Despite this central theological difference, a comparison of Humanitarian Islam with Christian social ethics and philosophy of law reveals that, amidst today’s great global threats, we are ideological allies and should treat each other as such. Even though the theological differences between Christians and Muslims may never be resolved, our level of agreement in the spheres of ethics and law calls for global cooperation in the public square. Rather than taking opposite sides, evangelical Christians and Humanitarian Muslims should help to protect each other’s religious communities and to articulate and embody a global moral compass.
Moreover, reflecting on the themes expressed by Humanitarian Islam can help us understand more clearly key aspects of Christian ethics and how they relate to Muslim thinking. I will mention three points.
- A Christian hermeneutic on the law distinguishes among God’s moral, ceremonial and judicial laws, all of which are found in the Bible. This distinction has both similarities to and differences from the distinction made by Humanitarian Islam between eternal norms and contingent norms. . .
- The whole undertaking of Humanitarian Islam entails an appeal to a universal moral norm which they expect both Muslims and non-Muslims to recognize, even if the source and nature of this norm are not yet always fully articulated. This is what Christians call the ‘natural moral law’. . .
- Within Christian ethics, there is a developing discussion of the relation between moral laws and human goods which has significant parallels in the philosophy of Humanitarian Islam. . .
From 7 to 13 November 2019, evangelical leaders from 92 countries gathered in Bogor, Indonesia for the General Assembly of the World Evangelical Alliance. The theme of the assembly was “Your Kingdom Come.”
So what can we do?
Though we understand and relate to God in very different ways, Humanitarian Muslims and evangelical Christians see life, family, rationality, a faith community, and an orderly socio-economic life as fundamental human goods that lead to comprehensive well-being in this world. We know that these deep human goods are vulnerable, needing protection from various threats. We have similar convictions regarding universal moral standards that should influence religious and legal norms, all of which should protect basic human goods. This must be demonstrated intellectually, politically, in education, and in shared humanitarian efforts.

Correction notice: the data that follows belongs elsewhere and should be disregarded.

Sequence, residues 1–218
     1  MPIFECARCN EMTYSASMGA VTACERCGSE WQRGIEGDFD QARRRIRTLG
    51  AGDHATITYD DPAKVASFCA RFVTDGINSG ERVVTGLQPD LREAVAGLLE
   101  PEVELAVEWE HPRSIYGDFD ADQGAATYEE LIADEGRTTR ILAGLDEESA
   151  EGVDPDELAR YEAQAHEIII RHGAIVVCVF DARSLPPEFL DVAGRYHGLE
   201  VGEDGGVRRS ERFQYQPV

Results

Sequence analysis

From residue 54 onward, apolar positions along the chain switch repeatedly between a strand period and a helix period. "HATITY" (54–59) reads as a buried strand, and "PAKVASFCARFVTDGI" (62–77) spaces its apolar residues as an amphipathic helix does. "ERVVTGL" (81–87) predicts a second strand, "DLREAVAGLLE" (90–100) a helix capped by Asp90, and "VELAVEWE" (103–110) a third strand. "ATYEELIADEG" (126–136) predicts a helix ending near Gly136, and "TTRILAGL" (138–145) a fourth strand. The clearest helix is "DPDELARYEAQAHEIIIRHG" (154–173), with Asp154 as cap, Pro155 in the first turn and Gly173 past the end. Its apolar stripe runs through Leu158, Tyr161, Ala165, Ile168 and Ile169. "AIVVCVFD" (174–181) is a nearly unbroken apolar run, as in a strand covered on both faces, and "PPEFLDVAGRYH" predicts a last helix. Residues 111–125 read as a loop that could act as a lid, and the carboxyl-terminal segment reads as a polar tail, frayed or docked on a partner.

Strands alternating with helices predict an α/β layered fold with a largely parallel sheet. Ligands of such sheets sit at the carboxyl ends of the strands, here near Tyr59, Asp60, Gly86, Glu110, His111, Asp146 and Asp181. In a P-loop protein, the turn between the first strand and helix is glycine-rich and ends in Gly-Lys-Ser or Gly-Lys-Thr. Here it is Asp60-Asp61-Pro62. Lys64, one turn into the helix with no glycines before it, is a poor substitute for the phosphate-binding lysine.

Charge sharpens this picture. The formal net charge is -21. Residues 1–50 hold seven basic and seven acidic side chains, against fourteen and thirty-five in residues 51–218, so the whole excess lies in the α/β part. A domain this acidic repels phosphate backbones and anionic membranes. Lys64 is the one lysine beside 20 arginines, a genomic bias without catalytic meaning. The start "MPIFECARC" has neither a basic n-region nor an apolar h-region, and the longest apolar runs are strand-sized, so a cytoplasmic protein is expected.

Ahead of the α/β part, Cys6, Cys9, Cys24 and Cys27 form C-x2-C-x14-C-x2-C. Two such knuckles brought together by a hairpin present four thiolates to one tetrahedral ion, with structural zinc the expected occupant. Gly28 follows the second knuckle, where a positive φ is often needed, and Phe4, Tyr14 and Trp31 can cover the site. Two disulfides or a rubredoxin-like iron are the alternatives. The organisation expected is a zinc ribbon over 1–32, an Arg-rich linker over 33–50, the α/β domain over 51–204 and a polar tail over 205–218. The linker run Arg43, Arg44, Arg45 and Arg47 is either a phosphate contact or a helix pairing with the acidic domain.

When the fundamental principles of Humanitarian Islam are brought into interaction with corresponding principles of Christian ethics, one obtains an ethical–jurisprudential method to respond to religious extremism, and to efforts to maintain religiously defined states which require a particular religious identity to be full stakeholders in the society. In other words, Christians and Muslims have a clear way to explain the moral wrongness of both religious extremism and religiously defined states—one that does not depend on a prior commitment to any religious view—on the basis of which we can then engage in principled discourse with those who hold other views and seek to eliminate religious-based terrorism and persecution. Our influence could be much greater if presented by official representatives of two major religious traditions that are widely perceived as in conflict with each other.
How can Christians around the world foster such cooperation?
- We could hold joint events at which scholars or civic leaders from both religious communities discuss how we talk about each other and how we address questions regarding religion’s role in society.
- We could produce joint publications.
- We could bring together political leaders from both faith communities to talk about how they can develop civil laws, based on their shared understanding of the universal moral law, that will protect all people’s basic human goods.
- We could work together to provide information for the business, government and education sectors on how to promote harmonious interaction among people from multiple cultures and religions.
- We could cooperate in delivering humanitarian aid or in addressing other problems that government alone cannot readily solve, such as homelessness, human trafficking, drug addiction and environmental problems.
The World Evangelical Alliance is currently taking on this challenge at a global level. In November 2019, while in Indonesia for the WEA’s General Assembly, several of us spent most of a day with leaders of Nahdlatul Ulama. After further correspondence and discussion, in April 2020 we announced a joint project to respond to threats to religious freedom arising from both religious extremism and secular extremism. At our June meeting, we decided to pursue cooperative efforts in three main areas: opposing ‘tyranny’ (i.e. governments and movements that threaten basic human rights and freedoms); articulating shared messages in the areas of jurisprudence, ethics and human rights; and public communications.
The expansion of secularism, atheism and moral relativism in the modern West have been partly fuelled by the widespread, though generally false, perception that organized religions are a cause of war and oppression. The level of philosophical agreement between evangelical Christians and Humanitarian Islam demonstrated in this paper justifies a concerted joint effort to build a world in which religious faith can flourish for the benefit of humanity.
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Western Humanism, Christian Democracy and Humanitarian Islam: An Alliance for the 21st Century